DRAM1 is identified as a direct downstream target of p53 and its detailed role in autophagy modulation is still not fully understood . DRAM1 may be involved in increasing lysosomal acidification or inhibiting Akt signaling pathway to promote cellular autophagy . In a combined clinical and in vitro study , it was shown that overexpression of miR-26b would negatively regulate DRAM1 expression and this resulted in decreased autophagy, tumorigenesis and improved cancer cells sensitivity towards radiotherapy. In another combined clinical and in vitro study , ectopic expression of miR-200c was shown to downregulate UBQLN1 to suppress autophagy and tumorigenesis, and sensitized the breast cancer cells towards radiotherapy. UBQLN proteins like UBQLN1 and UBQLN4 have been reported to play some roles during the formation of autophagosome and these proteins might also help in the fusion of autophagosome and lysosome to form autolysosome . XIAP is an anti-apoptotic protein in which its role in autophagy modulation remains controversy . MiR-23a was reported to downregulate XIAP to increase autophagy and tumorigenesis in a published study finding , however, the exact molecular mechanism on how XIAP dowregulation led to enhanced autophagy was not explored further. One possible explanation is that XIAP might play certain role in inhibiting MDM2/p53 signaling pathway to block autophagy induction  and by suppressing XIAP expression, autophagy could be induced .
Fundc1 is an important mammalian mitochondrion membrane protein which plays an essential role in recruiting LC3 to the mitochondrion to initiate mitophagy . It has been reported that Fundc1 could also upregulate the expression of autophagy-related proteins like Beclin-1, ATG5 and ATG7, and apoptotic-related proteins like BAX . In view of the multiple autophagy roles that could be played by Fundc1 protein, a group of researchers investigated the potential role of miR-137 in modulating Fundc1 expression and they found that this protein could be negatively regulated by miR-137 . Downregulation of Fundc1 following miR-137 overexpression would subsequently promote tumorigenesis  and the reason of increased tumorigenesis could be related to the downregulation of the apoptotic-related genes following Fundc1 downregulation . Another protein which has been reported to be involved in regulating the transcription of autophagy-related genes is Smad4 and it is part of the TGF-β regulated signaling pathway . The activation of the TGF-β/Smad4 signaling pathway will increase the expression of several key autophagy-related proteins like ATG5, ATG6 and ATG7 . MiR-224-5p was reported to suppress Smad4 expression and autophagy in vitro and this resulted in increased cancer cells tumerigenicity . Like Fundc1, Smad4 also involves in upregulating expression of apoptotic-related proteins like Bcl, BIK and BIM  and thus, suppression of Smad4 would lead to apoptosis inhibition and cause increase in the cancer progression . Let-7a, on the other hand, was reported to downregulate both autophagy and cancer cells tumerigenicity in vitro but its direct downstream target was unreported . However, let-7a has been reported to promote autophagy in other solid cancers like gastric cancer  and lung cancer . Therefore, more study is needed to confirm whether let-7a would suppress autophagy in human breast cancer cells.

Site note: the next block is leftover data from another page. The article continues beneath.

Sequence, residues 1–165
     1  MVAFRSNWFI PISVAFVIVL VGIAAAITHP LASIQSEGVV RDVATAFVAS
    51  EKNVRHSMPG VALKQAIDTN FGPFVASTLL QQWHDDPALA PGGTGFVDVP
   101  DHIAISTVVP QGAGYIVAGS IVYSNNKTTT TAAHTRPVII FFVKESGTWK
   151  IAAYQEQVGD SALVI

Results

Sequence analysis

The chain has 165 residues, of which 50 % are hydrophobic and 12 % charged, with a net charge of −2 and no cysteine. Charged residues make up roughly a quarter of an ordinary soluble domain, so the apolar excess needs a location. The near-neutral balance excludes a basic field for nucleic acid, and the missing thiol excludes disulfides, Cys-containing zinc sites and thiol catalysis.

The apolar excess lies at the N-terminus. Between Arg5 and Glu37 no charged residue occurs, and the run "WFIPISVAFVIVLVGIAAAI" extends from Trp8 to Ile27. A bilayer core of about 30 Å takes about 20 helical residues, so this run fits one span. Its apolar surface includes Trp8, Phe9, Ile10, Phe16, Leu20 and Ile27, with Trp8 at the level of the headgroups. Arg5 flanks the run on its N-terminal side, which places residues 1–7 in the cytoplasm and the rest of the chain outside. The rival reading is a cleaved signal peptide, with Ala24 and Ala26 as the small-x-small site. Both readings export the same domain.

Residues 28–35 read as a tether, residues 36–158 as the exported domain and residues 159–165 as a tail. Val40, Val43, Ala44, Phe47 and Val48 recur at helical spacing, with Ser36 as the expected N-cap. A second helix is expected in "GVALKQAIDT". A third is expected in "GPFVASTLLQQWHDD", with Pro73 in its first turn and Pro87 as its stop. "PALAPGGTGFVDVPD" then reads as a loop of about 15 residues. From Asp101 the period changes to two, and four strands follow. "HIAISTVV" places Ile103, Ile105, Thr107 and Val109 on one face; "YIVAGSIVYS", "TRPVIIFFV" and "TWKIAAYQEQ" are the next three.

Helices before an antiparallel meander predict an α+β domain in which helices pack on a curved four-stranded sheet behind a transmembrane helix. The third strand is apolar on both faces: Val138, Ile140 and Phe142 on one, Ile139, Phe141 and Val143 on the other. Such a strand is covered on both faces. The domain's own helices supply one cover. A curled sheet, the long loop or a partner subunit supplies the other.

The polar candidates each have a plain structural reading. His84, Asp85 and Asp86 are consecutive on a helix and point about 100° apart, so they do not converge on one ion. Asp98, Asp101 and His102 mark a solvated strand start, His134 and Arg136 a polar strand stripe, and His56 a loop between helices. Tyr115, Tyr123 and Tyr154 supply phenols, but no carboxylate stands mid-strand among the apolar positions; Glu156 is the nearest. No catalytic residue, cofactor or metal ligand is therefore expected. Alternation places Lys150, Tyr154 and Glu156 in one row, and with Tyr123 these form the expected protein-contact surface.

Roles of autophagy‐regulating miRNAs in modulating treatment response in breast cancer
From all the previously discussed autophagy-regulating miRNAs, 11 miRNAs were further reported to be involved in regulating treatment responses towards chemotherapy [37, 61, 66, 68, 82], endocrine therapy [35, 66, 75, 80], radiotherapy [92, 93] and targeted therapy  in breast cancer (Table 2). Four miRNAs, namely, miR-25, miR-27a, miR-129-5p and miR-489 were reported to suppress autophagy in breast cancer cells [37, 61, 68, 82]. However, miR-25 was the only miRNA which was demonstrated to promote chemoresistant in breast cancer  while the other three miRNAs were proven to promote chemosensitivity in breast cancer [37, 61, 82]. As autophagy has been reported to be able to exert both tumour-promoting and tumour-suppressing effects , it is therefore not surprising that autophagy induction or inhibition would promote treatment resistance in some study while in other study, autophagy dysregulation could promote sensitivity towards a specific cancer therapy. Similar phenomenon was observed when it was shown that both miR-21 and miR-101 would suppress cellular autophagy activities but the former miRNA would promote resistance towards endocrine therapy  while the latter one would promote sensitivity towards endocrine therapy . Compared to miR-21 and miR-101, miR-23b-3p was the only miRNA which was shown to promote both autophagy and resistance towards endocrine therapy in breast cancer . Other than miRNA, other non-coding RNAs like long non-coding RNA H19 has also been reported to be able to promote both autophagy and tamoxifen resistance in breast cancer . On the other hand, miR-125b-5p was recognized as the autophagy-promoting miRNA that could induce sensitivity towards both chemotherapy and hormonal therapy by upregulating cellular autophagy and apoptosis . This suggests that miR-125b-5p could be possibly further studied to investigate its potential to be used in clinical trial to improve sensitivity of the breast cancer patients towards both chemotherapy and endocrine therapy.